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Accessing Data

This is likely the reason you’re visiting the AD Portal in the first place—to access data. The portal offers helpful filtering tools to help you find that data of interest. All of the data and resources uploaded into the portal are associated with metadata and annotations, so they can be easily used to help query the list of resources in each page. You can find a detailed breakdown of metadata definitions and explanations in our metadata dictionary and instructions on how to use that dictionary here.

How can you find and download metadata files? More on that here (bottom of this page).

Is all data equally accessible?

Anyone can browse public content on the AD portal, but you need a Synapse account in order to download data. Register for an account here.

In addition, some data requires the use of a Data Use Certificate (DUC), which takes time to process. Learn how to complete a DUC here.

(warning) The Rush Alzheimer's Disease Center (RADC) has additional phenotypic data on the ROSMAP cohort. You must request access to this data directly through the RADC.

(warning) Data generated on the ADNI cohort is indexed in the AD Knowledge Portal, but hosted in the USC Laboratory of Neuro Imaging (LONI). In order to download ADNI data hosted in LONI, you must request access through the ADNI.

Get started exploring data

In the Explore tab, the various subtabs correspond to how the data is categorized for your filtering purposes. To demonstrate the best practices for finding data, let’s look at the Data subtab.

Notice that the page is made up of three sections: visualization charts on top, the data table below, and the filtering tools on the left. There are also a few settings you can use at the top right. Let’s break down each section on this page, starting with the filtering tools.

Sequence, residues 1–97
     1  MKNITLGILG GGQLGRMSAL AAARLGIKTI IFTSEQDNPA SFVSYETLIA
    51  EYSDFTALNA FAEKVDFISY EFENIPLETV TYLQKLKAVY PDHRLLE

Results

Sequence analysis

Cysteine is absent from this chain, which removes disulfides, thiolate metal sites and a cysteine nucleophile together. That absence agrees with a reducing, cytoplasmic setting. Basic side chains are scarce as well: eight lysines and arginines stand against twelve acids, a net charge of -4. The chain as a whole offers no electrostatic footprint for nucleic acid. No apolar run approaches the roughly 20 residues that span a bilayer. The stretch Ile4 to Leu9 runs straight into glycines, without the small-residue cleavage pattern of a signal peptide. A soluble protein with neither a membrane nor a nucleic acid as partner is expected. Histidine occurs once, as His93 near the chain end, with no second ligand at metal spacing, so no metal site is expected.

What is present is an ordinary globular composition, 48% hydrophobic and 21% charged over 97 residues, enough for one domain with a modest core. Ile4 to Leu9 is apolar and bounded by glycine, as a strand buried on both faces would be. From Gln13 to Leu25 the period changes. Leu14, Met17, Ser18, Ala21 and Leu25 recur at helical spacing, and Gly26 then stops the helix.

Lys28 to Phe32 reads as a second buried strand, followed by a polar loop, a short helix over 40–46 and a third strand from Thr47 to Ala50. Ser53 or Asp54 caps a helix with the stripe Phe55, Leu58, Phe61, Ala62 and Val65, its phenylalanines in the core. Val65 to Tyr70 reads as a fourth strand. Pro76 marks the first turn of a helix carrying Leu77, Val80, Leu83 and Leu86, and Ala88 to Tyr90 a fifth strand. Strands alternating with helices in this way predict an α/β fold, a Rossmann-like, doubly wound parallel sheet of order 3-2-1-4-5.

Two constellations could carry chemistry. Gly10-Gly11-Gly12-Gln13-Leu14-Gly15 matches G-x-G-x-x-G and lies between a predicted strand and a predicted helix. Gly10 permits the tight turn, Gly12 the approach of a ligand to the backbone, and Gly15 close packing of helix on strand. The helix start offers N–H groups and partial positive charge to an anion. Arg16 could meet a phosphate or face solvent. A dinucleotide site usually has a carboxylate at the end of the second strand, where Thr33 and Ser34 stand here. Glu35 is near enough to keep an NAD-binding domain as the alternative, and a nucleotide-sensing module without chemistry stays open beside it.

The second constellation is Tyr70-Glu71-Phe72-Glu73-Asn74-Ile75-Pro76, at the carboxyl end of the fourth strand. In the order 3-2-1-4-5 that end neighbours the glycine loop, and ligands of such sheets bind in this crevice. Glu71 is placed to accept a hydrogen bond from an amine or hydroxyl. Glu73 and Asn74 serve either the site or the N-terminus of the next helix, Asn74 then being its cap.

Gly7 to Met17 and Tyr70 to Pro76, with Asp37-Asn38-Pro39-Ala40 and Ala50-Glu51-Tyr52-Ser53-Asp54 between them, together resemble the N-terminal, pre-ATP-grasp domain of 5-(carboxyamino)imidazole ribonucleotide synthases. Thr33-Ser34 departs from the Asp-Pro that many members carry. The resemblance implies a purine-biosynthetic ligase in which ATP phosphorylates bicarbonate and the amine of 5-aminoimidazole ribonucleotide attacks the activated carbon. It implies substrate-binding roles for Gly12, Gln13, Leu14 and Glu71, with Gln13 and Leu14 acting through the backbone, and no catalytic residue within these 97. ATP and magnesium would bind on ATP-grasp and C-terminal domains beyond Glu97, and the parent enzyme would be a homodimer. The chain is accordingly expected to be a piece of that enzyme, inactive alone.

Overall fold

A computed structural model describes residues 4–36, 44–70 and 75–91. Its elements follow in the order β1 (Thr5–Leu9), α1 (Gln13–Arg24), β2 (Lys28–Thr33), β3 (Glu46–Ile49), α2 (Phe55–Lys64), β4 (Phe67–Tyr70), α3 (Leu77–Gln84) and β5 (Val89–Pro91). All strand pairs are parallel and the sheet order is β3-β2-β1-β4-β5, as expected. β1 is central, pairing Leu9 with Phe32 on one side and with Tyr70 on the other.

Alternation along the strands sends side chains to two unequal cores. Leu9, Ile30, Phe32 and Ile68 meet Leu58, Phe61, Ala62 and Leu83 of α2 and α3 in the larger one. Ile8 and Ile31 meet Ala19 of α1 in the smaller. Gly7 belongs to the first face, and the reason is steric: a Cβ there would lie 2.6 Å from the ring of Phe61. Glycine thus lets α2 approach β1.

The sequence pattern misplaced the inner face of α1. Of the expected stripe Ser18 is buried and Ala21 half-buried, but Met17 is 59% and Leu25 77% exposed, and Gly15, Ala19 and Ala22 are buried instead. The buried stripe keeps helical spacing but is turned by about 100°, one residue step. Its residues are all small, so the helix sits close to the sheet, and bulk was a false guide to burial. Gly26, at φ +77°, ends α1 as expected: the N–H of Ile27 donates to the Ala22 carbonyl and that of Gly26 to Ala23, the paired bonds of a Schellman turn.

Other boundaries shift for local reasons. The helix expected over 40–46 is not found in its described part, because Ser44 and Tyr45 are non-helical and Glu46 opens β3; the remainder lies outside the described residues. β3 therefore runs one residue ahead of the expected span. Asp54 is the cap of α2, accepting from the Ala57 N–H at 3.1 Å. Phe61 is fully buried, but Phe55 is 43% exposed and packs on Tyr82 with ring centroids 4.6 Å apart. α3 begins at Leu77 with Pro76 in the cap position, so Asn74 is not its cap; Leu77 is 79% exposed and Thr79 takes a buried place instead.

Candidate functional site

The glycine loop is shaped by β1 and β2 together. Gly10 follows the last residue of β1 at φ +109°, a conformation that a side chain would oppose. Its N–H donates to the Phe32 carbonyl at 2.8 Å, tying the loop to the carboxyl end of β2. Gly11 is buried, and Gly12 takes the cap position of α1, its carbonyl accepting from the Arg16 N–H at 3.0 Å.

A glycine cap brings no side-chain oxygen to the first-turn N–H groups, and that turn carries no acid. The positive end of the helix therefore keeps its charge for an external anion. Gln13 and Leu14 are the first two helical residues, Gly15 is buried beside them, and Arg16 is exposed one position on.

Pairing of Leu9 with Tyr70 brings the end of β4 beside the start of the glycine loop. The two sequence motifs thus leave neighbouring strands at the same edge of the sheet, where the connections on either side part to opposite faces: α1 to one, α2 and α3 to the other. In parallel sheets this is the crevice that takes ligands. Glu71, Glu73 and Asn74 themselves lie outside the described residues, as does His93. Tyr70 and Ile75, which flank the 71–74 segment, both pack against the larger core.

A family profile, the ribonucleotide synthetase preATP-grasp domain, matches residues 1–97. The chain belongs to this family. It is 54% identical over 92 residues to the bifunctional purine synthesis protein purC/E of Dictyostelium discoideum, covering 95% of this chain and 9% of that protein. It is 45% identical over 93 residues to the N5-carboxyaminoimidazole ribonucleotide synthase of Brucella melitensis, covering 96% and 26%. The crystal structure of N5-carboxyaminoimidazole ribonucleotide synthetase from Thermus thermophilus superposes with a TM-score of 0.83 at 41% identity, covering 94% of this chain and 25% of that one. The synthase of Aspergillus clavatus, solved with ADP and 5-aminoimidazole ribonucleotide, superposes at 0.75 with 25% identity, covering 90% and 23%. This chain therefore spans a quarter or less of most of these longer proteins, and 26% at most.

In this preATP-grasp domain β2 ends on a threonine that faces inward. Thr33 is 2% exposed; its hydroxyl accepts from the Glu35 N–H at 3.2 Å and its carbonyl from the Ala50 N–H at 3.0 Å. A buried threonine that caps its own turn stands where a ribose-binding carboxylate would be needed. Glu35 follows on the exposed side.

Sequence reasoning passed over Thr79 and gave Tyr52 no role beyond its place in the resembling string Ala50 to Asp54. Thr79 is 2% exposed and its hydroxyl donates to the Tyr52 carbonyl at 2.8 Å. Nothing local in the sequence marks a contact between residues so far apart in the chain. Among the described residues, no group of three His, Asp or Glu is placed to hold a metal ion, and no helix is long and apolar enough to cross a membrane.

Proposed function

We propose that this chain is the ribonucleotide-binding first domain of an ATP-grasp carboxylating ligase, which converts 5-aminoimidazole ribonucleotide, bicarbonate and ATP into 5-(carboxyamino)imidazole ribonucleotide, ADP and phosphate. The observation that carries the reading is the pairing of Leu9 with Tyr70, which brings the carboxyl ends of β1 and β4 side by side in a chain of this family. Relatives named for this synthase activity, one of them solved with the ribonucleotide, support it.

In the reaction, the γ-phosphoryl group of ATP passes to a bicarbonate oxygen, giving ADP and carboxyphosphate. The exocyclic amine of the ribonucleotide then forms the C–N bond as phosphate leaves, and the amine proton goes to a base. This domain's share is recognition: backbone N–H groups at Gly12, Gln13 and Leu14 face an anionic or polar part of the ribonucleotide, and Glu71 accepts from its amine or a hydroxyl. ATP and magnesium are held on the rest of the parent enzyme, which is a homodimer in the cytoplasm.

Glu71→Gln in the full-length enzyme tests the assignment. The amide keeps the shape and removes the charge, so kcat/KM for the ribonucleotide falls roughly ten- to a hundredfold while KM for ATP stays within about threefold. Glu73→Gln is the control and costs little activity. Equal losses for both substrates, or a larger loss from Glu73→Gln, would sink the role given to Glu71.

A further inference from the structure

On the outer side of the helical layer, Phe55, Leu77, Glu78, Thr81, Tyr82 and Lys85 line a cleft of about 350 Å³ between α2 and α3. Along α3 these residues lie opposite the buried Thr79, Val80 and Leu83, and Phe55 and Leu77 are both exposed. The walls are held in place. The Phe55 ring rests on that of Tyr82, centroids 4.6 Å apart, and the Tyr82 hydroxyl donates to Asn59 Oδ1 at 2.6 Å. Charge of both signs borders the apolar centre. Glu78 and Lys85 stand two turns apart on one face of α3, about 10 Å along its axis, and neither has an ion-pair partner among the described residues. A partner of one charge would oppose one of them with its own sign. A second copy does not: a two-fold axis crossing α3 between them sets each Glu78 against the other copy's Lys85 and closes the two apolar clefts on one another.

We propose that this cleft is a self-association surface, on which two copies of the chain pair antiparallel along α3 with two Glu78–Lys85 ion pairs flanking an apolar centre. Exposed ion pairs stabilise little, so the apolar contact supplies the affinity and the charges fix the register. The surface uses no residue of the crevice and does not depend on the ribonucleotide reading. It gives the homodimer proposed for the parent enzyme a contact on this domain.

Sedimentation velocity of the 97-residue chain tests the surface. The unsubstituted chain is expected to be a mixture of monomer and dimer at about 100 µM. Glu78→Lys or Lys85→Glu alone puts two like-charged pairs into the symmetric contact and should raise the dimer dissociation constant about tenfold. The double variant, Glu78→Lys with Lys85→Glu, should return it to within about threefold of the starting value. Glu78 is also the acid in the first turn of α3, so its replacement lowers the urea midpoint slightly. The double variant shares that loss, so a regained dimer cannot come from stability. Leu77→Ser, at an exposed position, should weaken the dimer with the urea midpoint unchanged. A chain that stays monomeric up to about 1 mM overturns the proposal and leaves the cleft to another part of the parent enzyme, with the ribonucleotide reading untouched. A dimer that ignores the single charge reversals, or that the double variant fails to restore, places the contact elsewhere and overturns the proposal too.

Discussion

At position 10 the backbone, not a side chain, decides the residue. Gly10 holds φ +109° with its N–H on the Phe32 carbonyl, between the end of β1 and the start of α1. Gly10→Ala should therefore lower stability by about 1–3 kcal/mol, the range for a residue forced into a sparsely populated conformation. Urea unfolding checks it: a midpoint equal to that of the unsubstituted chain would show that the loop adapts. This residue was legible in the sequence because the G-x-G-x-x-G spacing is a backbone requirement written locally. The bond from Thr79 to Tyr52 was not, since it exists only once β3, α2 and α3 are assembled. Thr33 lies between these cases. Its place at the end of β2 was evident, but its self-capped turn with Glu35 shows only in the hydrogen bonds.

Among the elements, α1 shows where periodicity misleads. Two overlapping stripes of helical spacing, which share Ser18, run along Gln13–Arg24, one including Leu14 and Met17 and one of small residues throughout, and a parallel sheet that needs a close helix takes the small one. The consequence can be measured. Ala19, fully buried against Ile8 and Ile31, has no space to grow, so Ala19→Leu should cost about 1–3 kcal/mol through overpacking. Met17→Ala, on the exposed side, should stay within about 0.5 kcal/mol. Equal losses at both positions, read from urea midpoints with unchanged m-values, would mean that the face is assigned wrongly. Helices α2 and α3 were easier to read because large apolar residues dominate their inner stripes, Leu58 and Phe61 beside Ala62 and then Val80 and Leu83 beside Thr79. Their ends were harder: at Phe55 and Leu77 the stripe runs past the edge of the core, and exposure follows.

(question) Please note: The data and numbers displayed in the screenshot above reflects the portal at that moment in time—this will likely be different than what you see when exploring the portal yourself, since the portal is dynamic and changes as new data is uploaded and processed.

Filtering tools

Upon landing on the Data subtab, all data stored in the system will appear in the table by default. In the image shown above, the table and associated graphs incorporate the total of 100,973 files stored (at the time this screenshot was taken). To narrow this data down, use the Filter Data By section on the left.

Filter Data By is broken into sections that will differ depending on the subtab that you’re exploring.

To help explain how to use these sections, refer to the following bullet points and the corresponding image below:

  • red arrows → When exploring the Data subtab, the Filter Data By sections that appear by default are: Study, Data Type, and Assay

  • red rectangle → There are various other categories that you can expand and filter by as well—click the plus sign next to any of these (Organ, Tissue, Species, Diagnosis, etc.) to reveal its filtering options

  • red circles → At the end of each category, click on Show more to reveal all filters for that category

Notice how, by default, each of the categories have a checkmark in the box labelled All. Before you apply any filters for a category, it will include all files within that category until a filter(s) is applied. Next to each filtering option is a number—this indicates how many files will be included once that specific filter is applied. For example, looking at the image above, if you check the rnaSeq box under the Assay section, the files will be narrowed down to 55,152 results, as seen in the image below.

Selecting filters from more than one category will further narrow down the results. For example, if you were to expand the Organ section and check the Brain box (in addition to the rnaSeq filter), your results would be narrowed to 30,912, as seen in the image below.

You can play around with the filtering options as you wish to narrow down the search and find your data of interest. Each additional filter will appear in the section under the charts—you can easily remove individual filters as necessary, or click Clear All (top right) to remove all filters and start over.


This section of charts at the top of the page will display visualizations for each category according to the data you’ve filtered. You can use the filter icon (3️⃣) for any chart to adjust the filters for that category—this will change the results as a whole (not just for that chart), just as it would if you changed the filters under Filter Data By.

Use the expand icon (6️⃣) to make that specific chart bigger and the contract icon (inverse of 6️⃣) to return back to normal size.

By default, the charts displayed are for the categories Study and Data Type. Click VIEW ALL CHARTS to display charts for all categories, and HIDE CHARTS to restore the default display.

Click the X (7️⃣) next to any chart to temporarily remove that chart from view.

Data table